DAVIE, Fla. — The most obvious difference between NFL organized team activities (OTAs) and minicamp is the former are voluntary, the latter is mandatory.
Other differences were evident on Tuesday, when the Miami Dolphins began their three-day minicamp at Nova Southeastern University.
“Longer practices that are a little more competitive, a little more intense,” quarterback Ryan Tannehill said. “You see how guys respond to the heat, respond to the long practices. Being in Miami, it’s not an easy practice situation where it’s 75 and you can go out there and run all day.
Article continues below ...
“We’re pushing the tempo, we’re challenging the offense and seeing how guys are handling it.”
The upcoming season will be Tannehill’s second leading the Dolphins offense, which in 2013 will sport a new starting running back to replace Reggie Bush, a revamped receiving unit and a new starting left tackle in Jonathan Martin.
The Dolphins hope the offense looks different in another way.
“Hopefully, the fact that we’re getting into the end zone a hell of a lot more than we did a year ago,” offensive coordinator Mike Sherman said. “Obviously, that was something that held us back from being the type of team that Coach (Joe) Philbin wants us to be. We need to score more points.”
With the offensive players having been schooled on adjustments and changes during the offseason, Philbin is using minicamp to step on the accelerator.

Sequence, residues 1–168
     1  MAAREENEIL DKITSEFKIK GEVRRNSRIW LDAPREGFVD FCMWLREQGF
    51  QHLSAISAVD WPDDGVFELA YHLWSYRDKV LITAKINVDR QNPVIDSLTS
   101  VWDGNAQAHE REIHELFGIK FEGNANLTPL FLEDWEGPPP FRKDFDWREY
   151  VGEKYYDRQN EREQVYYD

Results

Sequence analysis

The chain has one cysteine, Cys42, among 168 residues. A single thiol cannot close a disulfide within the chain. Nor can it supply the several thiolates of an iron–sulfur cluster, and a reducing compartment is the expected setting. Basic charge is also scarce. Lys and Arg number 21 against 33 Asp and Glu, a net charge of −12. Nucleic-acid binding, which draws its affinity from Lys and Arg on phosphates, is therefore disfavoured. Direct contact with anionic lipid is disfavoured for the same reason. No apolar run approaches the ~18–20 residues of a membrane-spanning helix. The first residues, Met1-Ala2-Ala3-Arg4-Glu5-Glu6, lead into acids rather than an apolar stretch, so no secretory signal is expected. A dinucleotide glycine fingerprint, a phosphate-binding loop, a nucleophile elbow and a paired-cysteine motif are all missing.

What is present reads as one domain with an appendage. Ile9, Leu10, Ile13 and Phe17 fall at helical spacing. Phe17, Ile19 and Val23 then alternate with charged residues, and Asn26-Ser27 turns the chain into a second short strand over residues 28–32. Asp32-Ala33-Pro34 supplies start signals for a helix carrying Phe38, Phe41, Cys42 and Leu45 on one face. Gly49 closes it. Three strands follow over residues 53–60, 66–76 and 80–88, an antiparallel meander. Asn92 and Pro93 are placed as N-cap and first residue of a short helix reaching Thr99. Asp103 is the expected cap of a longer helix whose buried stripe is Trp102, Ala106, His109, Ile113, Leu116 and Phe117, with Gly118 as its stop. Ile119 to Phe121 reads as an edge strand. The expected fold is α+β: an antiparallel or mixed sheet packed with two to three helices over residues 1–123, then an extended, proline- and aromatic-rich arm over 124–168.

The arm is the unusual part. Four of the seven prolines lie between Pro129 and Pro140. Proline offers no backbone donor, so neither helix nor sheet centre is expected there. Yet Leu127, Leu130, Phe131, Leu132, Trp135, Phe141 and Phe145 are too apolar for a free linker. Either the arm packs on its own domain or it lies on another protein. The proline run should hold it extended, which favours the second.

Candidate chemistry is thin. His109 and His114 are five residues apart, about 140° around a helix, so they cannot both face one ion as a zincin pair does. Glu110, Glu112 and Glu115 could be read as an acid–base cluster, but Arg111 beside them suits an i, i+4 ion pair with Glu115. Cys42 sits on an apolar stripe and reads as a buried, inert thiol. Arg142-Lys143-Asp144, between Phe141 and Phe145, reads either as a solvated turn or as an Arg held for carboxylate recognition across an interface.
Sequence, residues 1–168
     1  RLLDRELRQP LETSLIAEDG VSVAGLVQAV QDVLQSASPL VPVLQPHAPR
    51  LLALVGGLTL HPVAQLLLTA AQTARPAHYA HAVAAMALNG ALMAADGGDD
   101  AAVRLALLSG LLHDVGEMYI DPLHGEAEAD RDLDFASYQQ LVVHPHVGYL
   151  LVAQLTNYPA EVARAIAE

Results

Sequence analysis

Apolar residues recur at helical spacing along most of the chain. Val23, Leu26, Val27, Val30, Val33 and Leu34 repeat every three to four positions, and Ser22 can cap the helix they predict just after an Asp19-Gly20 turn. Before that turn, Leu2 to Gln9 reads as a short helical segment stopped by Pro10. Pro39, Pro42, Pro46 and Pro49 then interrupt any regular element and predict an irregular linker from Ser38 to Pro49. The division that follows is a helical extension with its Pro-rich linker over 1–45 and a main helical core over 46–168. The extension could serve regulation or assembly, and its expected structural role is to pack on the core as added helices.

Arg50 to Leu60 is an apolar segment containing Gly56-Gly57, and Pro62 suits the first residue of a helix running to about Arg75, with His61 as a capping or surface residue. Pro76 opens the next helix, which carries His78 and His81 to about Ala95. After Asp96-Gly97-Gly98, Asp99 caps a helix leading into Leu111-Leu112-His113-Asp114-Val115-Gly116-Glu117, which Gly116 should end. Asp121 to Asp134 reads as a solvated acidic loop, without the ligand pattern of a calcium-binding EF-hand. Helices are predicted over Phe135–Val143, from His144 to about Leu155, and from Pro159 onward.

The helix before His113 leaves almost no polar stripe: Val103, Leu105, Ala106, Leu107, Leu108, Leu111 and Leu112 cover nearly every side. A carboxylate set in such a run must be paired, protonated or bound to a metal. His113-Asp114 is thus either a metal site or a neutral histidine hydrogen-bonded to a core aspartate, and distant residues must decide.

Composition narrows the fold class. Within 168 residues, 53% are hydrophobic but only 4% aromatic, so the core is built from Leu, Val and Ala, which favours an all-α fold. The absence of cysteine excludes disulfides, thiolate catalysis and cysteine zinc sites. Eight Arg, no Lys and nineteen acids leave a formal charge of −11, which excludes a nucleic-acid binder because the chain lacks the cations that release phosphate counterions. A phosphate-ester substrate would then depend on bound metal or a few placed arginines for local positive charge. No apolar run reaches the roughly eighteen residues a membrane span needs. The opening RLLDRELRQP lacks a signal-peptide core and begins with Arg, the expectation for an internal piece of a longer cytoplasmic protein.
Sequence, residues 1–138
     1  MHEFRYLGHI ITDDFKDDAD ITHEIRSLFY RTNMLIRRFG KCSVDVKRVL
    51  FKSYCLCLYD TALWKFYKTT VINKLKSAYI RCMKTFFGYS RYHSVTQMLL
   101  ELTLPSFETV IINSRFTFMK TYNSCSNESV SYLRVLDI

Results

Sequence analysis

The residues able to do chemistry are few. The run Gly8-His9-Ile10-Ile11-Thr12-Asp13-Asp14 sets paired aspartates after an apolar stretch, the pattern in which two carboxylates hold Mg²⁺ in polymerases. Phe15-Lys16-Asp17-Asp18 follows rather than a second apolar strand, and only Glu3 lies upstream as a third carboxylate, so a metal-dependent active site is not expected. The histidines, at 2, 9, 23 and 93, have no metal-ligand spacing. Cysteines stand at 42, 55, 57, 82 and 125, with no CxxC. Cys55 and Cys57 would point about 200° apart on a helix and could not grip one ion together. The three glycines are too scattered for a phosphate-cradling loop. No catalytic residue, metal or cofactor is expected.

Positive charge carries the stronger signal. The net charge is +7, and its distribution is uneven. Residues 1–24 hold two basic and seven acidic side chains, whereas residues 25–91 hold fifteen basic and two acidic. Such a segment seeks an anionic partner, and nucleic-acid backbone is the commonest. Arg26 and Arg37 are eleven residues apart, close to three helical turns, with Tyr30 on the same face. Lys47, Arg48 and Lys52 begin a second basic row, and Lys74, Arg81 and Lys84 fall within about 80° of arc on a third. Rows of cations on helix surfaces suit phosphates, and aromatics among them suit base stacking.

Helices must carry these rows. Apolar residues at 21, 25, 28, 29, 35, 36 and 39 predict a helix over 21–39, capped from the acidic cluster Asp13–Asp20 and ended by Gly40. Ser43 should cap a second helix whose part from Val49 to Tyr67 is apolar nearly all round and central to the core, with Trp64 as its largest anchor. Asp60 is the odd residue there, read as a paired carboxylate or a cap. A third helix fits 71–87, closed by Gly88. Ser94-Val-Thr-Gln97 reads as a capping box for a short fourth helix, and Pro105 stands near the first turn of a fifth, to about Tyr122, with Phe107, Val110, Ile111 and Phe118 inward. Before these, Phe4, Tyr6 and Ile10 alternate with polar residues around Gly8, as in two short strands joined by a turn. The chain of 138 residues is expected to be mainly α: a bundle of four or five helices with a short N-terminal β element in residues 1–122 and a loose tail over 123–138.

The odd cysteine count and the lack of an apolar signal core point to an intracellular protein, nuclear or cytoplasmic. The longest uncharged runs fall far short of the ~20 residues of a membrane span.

“This minicamp is really playing faster, more decisively,” Philbin said. “I think the guys have absorbed the information and the teaching from the coaches pretty well.”
The microscope will be on Tannehill entering training camp as he tries to develop into the franchise quarterback the team and its fans desire.
So far, Philbin likes his QB’s progression.
“At the line of scrimmage, there’s a lot of pictures we’ve seen of him doing a better job,” Philbin said, “whether it’s moving a back from one side to the other, whether it’s audible-ing from a run to a pass or a run from one side of the line of scrimmage to the other.
“There’s been a lot, multiple pictures of him mastering the offense, moving the pieces around to get us into a good situation or a good play.”
“I think (he’s got) more recognition of defenses even more so than what we’re doing on offense,” Sherman said. “We threw the book at him last year in hopes we’d get to a point like where we are right now. Now he’s just focusing not so much on the offense, but on the defense.”
Tannehill has said his “head was spinning” a year ago as a rookie trying to adapt.
“He was coming into an NFL camp not the starter and having a lot of growth, getting caught up to the speed of the game,” Sherman said. “And remember the minicamps we had last year with him he improved each minicamp but the speed of the game is what really got him.”
Receiver Mike Wallace, this year’s biggest free-agent catch, said training camp will be the true test to see how far Tannehill and the offense have improved.
“It takes more than OTAs, obviously, because we’ve never played together before,” Wallace said. “It’s easy when you’re out there in shorts and a shirt, nobody’s on you, no defenders anything like that. It’s easy to run routes and be on good timing.
“I think throughout training camp we’ll be fine. Every day we make strides.”
Defensive tackle Randy Starks returned after missing OTAs because he was unhappy after being slapped with the team’s franchise tag.
“I felt real good, I missed these guys, I’m just happy to be here and get the season started.”
Starks said missing OTAs was “a little lonely at first,” but he stayed in contact with some of his teammates.
“My teammates are my brothers; I’m ready to grind with these guys,” he said.
Unsigned first-round draft pick defensive end Dion Jordan remained absent due to his school, Oregon, being on the quarter system instead of the semesters.